Two of my very favorite books are Dog Lost by Ingrid Lee and A Dog's Life: Autobiography of a Stray by Ann M. Martin. Both stories are compelling page turners that cause the reader to root wildly for the horribly mistreated canines. Both books have those "Oh No" scenes that are like a severe blow to the gut. Recently I read Martin's Everything for a Dog, the 2009 sequel to A Dog's Life: Autobiography of a Stray. It, too, is a page turner but the set-up of the story is much different. A Dog's Life: Autobiography of a Stray is a tragedy told by Squirrel, a cast-off pup separated from her sibling Bone. Everything for a Dog is Bone's story, but he shares the spotlight with two other narrators -- Henry and Charlie -- boys whose stories are intertwined with Bone's in an unexpected, jarring plot twist. Both stories end happily, but the structure of A Dog's Life: Autobiography of a Stray is far more statisfying than Everything for a Dog. That said, neither book should be missed.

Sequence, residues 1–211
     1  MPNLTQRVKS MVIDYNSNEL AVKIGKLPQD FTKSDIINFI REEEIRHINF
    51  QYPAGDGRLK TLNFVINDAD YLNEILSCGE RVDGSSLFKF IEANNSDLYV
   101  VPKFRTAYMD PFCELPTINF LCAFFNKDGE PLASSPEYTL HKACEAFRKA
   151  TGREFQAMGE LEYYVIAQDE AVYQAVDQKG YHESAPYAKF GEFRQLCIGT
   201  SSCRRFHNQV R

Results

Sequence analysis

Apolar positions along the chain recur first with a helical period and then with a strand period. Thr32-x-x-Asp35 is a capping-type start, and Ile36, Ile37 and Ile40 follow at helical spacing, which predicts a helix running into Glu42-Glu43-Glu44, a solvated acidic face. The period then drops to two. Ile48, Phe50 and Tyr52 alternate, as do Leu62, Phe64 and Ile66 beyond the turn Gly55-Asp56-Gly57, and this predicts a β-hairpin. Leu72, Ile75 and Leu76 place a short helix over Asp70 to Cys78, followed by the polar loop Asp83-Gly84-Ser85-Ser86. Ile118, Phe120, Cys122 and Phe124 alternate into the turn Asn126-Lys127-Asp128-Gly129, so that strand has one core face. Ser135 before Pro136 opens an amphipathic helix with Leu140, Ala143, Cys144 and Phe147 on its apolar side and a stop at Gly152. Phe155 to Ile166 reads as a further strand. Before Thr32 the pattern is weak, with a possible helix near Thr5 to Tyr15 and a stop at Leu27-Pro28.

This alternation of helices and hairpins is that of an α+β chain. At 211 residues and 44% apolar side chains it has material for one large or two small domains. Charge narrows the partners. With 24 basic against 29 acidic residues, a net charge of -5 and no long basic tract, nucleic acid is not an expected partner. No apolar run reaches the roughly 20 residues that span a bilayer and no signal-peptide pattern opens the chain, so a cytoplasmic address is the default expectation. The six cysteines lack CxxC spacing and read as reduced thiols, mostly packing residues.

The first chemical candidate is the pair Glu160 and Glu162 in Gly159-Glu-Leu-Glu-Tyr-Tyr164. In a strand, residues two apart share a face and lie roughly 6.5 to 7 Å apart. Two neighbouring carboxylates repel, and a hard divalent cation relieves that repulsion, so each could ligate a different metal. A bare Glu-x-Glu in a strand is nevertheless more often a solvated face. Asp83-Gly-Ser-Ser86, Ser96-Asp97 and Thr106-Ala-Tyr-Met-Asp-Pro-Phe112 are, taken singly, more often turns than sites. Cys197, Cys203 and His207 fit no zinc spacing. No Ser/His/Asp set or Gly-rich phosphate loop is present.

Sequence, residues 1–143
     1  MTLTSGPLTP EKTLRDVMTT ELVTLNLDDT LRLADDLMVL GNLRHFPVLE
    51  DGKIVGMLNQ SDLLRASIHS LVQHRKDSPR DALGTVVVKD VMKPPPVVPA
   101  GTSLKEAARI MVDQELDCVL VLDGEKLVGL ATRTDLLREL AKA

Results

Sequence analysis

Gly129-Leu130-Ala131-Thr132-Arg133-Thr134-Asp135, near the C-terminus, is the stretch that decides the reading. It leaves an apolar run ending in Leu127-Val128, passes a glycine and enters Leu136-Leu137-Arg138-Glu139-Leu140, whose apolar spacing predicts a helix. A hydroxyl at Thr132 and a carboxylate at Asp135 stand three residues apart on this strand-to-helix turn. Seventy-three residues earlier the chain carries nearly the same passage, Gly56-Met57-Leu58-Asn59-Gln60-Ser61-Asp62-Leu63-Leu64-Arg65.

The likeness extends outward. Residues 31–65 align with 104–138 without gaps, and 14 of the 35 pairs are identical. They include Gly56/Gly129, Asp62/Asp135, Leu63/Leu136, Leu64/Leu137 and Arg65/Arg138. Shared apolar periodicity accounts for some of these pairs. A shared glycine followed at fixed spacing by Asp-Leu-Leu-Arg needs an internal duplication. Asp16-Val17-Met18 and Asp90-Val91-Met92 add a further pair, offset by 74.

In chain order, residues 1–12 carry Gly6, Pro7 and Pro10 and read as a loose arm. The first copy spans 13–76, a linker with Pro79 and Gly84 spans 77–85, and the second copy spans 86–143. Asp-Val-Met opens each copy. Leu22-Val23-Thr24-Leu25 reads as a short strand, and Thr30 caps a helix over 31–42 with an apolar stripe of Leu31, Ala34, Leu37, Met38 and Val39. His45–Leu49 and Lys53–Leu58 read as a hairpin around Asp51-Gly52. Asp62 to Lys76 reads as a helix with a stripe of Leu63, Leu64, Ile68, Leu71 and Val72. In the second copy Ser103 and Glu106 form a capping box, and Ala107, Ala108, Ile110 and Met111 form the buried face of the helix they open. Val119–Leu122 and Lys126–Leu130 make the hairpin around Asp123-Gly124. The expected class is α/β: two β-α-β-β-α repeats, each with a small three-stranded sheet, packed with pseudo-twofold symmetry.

Ingrid Lee's 2011 book, Cat Found, is written in a similar fashion to her gripping, highly acclaimed Dog Lost, but it can't quite live up to Ann Martin's praise of the first book, ""Much more than a breathless page-turner. It's a brutally honest novel depicting the world of dogfighting in a wicked light but tempering any scenes of cruelty with an entire community of positive characters. And Lee brings together her winning, motley cast, human and animal, for a wonderfully heart-rousing ending. I loved it." Lee's descriptions of the feral cat colony in Cat Found is accurate, but her characterizations of the many cold, heartless working class people are wooden and stereotypical. A more accurate and engrossing read about a boy trying to do right by feral cats remains the absolutely perfect story, The Nine Lives of Travis Keating.